At a sold-out sneak preview of ''Fever Pitch" in Danvers last weekend, audience members roared at a line about Jimmy Fallon's character using New York Yankees toilet paper.
Jokes about Ted Williams, ''No, No Nanette," and Roger Moret got big laughs, too. So did a scene in which Fallon corrects his girlfriend, played by Drew Barrymore, on who'll be pitching for the Red Sox in an upcoming weekend series. Barrymore has other things on her mind at that moment -- the plot twist won't be revealed here -- but to the Sox-obsessed Fallon, nothing outweighs Curt Schilling's scheduled start on Friday, followed by Pedro Martinez on Saturday.
Inside baseball? Any more so, and you'd need a Rotisserie League handbook to decode some of the film's scenes. That's reason enough, perhaps, why moviegoers like Jackie Gray of Lynn and Bob Barthelmes of Beverly, both devout Red Sox fans, walked out of the Danvers screening withManny-size grins on their faces.
''It was really good, and not too schmaltzy," declared Gray, who is familiar with both the film ''Fever Pitch" and the book from which it's adapted. The Fenway Park scenes were dynamite, Gray said. ''They brought you right there, like you're sitting in the ballpark."
Barthelmes, who attended the screening with his wife and daughters, wanted to catch ''Fever Pitch" before Opening Day -- to close out last year's championship season, he explained. No one in his crew was disappointed.
''We were pleasantly surprised, because Farrelly brothers movies usually get panned by the critics," Barthelmes noted. The Sox-centric story line could have overpowered the romantic comedy angle but did not, he added.
His wife, Mary, agreed. ''I loved how they wove together the two story lines, the romance and love of baseball," she said. ''Any fan of any sports team should find it funny."
Daughters Elizabeth, 16, and Rachael, 12, flashed two more thumbs up. ''I liked it better than most Farrelly brothers films," Elizabeth said. ''And if you're a Red Sox fan, it's that much better."
Her reaction helps answer a key question facing ''Fever Pitch" as it opens nationwide this week. If you're not a Red Sox fan, or a sports fan of any kind, is the movie funny enough and affecting enough to pull you in? Based on opinion sampled after the Danvers screening, all signs point toward a solid extra-base hit for the Farrellys, if not a grand slam.
''National appeal? Oh, I think so," said John Moulton, an attorney from North Reading. ''Any fan chasing a dream can relate to Jimmy Fallon. Plus, Fallon and Barrymore have a chemistry together that's very believable."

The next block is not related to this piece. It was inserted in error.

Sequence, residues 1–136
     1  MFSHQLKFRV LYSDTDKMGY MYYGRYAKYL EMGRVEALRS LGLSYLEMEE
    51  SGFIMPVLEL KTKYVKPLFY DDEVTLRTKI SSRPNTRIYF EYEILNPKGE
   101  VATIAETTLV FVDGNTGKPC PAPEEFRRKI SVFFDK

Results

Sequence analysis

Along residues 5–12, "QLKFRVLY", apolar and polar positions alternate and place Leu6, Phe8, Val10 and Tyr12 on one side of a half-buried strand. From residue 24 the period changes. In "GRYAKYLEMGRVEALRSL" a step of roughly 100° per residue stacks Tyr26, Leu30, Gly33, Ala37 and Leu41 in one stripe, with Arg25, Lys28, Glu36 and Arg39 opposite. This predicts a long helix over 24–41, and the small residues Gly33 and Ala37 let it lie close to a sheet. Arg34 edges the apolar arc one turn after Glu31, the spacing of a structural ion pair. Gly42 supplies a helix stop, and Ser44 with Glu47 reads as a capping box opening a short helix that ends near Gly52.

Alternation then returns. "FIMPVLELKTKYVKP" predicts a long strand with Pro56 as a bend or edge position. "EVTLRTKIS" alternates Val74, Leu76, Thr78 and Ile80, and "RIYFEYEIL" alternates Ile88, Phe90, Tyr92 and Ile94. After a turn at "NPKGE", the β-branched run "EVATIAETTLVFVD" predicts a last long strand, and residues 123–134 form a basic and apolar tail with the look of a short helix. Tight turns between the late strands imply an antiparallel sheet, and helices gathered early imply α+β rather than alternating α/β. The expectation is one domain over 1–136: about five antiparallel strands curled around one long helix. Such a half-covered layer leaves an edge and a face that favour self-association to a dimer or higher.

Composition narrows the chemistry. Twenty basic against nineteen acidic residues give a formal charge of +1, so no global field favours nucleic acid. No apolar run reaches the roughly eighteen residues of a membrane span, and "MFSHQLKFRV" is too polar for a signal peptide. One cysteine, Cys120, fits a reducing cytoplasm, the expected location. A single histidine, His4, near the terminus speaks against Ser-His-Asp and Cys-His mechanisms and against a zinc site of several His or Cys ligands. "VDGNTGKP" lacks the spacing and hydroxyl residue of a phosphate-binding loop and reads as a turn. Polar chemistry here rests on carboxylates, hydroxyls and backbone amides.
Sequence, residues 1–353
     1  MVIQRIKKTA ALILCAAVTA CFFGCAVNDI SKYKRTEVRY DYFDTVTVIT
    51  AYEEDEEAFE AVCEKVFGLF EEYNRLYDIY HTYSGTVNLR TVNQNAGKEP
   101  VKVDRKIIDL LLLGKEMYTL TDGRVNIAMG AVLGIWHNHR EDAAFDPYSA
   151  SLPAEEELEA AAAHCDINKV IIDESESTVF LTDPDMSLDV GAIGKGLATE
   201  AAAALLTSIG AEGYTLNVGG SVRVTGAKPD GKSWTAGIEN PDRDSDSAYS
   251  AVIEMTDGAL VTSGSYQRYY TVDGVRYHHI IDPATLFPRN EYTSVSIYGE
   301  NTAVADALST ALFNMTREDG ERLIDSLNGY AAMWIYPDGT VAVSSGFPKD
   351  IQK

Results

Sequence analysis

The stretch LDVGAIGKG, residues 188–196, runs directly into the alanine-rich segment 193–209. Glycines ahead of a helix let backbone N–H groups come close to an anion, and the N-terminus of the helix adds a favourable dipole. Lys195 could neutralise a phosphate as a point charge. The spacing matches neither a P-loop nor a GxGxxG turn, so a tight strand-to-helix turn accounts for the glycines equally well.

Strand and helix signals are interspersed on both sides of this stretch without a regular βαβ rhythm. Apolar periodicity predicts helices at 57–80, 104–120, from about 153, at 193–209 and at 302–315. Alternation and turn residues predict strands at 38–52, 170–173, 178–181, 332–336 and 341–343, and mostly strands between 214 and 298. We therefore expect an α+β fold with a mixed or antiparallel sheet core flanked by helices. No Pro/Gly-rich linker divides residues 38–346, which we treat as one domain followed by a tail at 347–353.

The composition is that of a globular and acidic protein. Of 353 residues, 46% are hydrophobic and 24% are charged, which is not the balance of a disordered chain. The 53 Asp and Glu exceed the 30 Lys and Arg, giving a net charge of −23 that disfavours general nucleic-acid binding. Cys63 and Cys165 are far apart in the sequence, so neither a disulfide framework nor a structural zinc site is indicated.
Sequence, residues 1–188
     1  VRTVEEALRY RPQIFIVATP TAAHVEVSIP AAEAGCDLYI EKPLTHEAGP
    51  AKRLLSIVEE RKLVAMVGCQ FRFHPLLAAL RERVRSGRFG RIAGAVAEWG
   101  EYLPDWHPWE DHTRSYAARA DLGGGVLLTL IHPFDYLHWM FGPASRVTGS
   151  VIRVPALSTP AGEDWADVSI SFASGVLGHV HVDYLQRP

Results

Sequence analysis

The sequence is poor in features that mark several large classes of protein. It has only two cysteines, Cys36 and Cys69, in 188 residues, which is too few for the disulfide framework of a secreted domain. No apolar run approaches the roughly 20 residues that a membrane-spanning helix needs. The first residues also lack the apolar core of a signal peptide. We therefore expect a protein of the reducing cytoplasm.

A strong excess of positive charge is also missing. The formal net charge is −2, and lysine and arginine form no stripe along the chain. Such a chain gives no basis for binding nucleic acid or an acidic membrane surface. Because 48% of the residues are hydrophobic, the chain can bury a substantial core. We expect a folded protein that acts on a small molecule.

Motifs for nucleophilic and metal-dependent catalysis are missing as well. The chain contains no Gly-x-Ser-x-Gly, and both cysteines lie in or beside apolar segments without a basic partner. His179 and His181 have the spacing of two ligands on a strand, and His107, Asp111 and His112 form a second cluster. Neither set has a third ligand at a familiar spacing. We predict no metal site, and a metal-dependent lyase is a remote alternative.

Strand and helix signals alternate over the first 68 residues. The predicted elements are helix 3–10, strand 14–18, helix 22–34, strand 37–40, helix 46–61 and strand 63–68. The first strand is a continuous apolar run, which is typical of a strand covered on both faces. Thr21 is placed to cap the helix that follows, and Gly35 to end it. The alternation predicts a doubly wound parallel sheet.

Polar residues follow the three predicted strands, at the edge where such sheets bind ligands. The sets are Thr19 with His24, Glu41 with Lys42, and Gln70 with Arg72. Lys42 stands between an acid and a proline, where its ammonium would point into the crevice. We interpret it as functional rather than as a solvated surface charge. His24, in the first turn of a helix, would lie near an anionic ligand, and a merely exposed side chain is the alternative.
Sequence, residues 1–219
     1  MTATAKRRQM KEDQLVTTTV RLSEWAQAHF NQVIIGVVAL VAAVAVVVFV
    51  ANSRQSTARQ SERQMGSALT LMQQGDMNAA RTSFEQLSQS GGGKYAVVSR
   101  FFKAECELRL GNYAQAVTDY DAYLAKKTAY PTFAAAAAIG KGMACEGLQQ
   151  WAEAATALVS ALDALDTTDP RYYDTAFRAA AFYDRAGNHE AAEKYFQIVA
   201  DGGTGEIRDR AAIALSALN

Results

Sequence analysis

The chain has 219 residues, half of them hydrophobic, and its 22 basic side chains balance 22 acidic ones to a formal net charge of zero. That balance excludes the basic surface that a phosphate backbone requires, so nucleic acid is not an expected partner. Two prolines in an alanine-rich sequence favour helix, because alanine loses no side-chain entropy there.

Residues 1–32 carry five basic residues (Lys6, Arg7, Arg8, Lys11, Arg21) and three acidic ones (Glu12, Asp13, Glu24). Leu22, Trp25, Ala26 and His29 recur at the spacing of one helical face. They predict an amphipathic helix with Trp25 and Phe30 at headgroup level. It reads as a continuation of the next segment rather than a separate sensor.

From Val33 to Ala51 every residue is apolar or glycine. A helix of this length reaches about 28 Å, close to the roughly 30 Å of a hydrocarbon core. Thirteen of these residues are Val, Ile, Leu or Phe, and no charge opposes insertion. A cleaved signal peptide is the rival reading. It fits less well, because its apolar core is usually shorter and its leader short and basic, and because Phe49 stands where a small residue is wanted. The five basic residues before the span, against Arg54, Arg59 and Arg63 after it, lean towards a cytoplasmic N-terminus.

Praising the soundtrack and cinematography as particularly inspired, Moulton, a Sox diehard who sat at Fenway during one of the games filmed for the movie, went on to say his 13-year-old daughter wanted to see the film again right away, ''which is a pretty good indication of how well it works," he offered.
Rita Regan, a teacher's assistant from Lowell, likewise predicted ''Fever Pitch" would be a hit outside Red Sox Nation.
''First of all, it's hilarious," said Regan, more a casual fan than a Sox diehard. Her favorite scene? When Fallon receives his allotment of season tickets and invites his buddies over, whereupon he forces them to dance if they want a share of any Sox-Yankees games.
''The rest of the country will get into it because it's a good movie, period," said Regan, noting that Sox fans are scattered from one coast to the other. ''Also, it's not too long or too short," she continued, ''so it holds your attention."
Among the last to exit the screening was Scott Severance, an actor-director from Exeter, N.H., who was seeing ''Fever Pitch" for the first time. His opinion could hardly be construed as objective. Cast in his very first movie role, Severance plays one of Fallon's Fenway seatmates, earning him several lines of dialogue and more screen time than Johnny Damon.
Nevertheless, Severance insisted he was being a critic, not a cast member, in saying the finished movie exceeded expectations.
''There's no way to know if Yankee fans will like it, much less whether the whole country will," Severance acknowledged. ''But I honestly, thoroughly enjoyed the movie. It's not a 'jock flick.' It's a real, honest, funny love story."
If he had any misgivings, Severance added, they had to do with the filmmakers cutting out some of the inside-baseball stuff. One line in particular, he said, would have been fun to keep. It was a line Severance himself suggested for the pivotal scene where Barrymore races across the Fenway diamond to stop Fallon from carrying out a drastic act on her behalf.
In real life, Severance noted, Barrymore would have been tackled by the ballpark cops and immediately taken away. In the movie, however, she buys herself a few moments to try to smooth things over with Fallon.
''I suggested she turn to the cops and say, 'Don't touch me! I'm Curt Schilling's podiatrist!' " Severance recalled with a laugh. The Farrellys loved the line and shot it, he said, ''but I guess it was too much of an in-joke to keep."
Joseph P. Kahn can be reached at firstname.lastname@example.org.